This is your chance to be ultra clear about why you’re making a website and what it exists to achieve.
2. Who is your website for?
It’s important to guarantee that when the right visitors do arrive on your website, they feel right at home. Spell that out with these two approaches:
- Explicitly say who your website is for: For example, if you’re launching a website that’ll feature a community about healthy cooking for working parents, you could write: “We launched this website in 2023 to become the ultimate cooking guide for working parents.” This kind of framing is key to any savvy blogging strategy.
- Illustrate that you’re in their community: Do you write for other website in your niche? Are you active on any popular communities or forums? Add a testimonial or social post from someone in the industry who’s tried your product or spoken highly of your website.
3. Why should your website visitors care?
If you’ve done a good job in the first couple of sections, your visitors should have a pretty good idea of who you are and be able to decide whether or not they want to keep reading. However, you can do a little more to further seal the deal and sell them on becoming more actively engaged with you.
Consider answering more specific questions like:
- What types of products you sell (or content you write about): “If you love X, Y, and Z, you’ll feel totally at home here.”
- What visitors will get out of reading your website: “I share everything I’ve learned building a 6-figure consulting business from nothing.”
- Where they should start: “If this is your first time here, check out my Ultimate Guide to X.”
- Why do you and your website have credibility: “I’m a regular contributor to Fast Company, Business Insider, and Inc. Magazine…”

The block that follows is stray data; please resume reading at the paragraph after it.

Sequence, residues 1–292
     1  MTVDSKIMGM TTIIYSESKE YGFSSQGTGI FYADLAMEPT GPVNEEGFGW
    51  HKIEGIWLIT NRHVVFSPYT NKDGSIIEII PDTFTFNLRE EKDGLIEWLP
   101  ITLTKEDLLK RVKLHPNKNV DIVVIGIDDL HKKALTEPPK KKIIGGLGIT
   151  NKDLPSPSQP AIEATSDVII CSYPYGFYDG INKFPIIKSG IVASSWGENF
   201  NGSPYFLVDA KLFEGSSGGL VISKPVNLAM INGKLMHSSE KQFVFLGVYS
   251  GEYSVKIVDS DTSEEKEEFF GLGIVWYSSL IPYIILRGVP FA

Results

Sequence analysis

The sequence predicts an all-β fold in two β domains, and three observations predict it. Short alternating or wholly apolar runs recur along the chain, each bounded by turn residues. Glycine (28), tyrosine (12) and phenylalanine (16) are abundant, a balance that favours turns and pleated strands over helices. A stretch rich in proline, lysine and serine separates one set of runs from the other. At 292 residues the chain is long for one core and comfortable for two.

- How did you get started: “Back is 2003, during an especially bad Colorado Winter, I fell in love with snowshoeing…”
Get personal here. People connect with stories and vulnerability more than they do with carefully crafted prose, so be who you are!
For my industry, I know my readers are here to get personal, actionable advice on starting a blog. And so I show them that I not only talk the talk, but also walk the walk by constantly working on new side blogs like VeganTable and through helping my girlfriend’s site, Vegan Anj.
4. What should your website visitors do next?
The last (and arguably most important) section to cover on your About page is telling your visitors what to do next.
- Do you want them to read your latest blog post?
- Sign up for your newsletter?
- Purchase your product?
If a website visitor has made it all the way to the bottom of your About page, then guide them to what comes next. Here’s mine:
I know that if someone’s made it to the bottom of my About page, they’re probably (1) brand new to my website and (2) engaged enough to want to learn more.
So, I want them to get to know me better. That’s why my call-to-action (CTA) is simply to read more of my best content.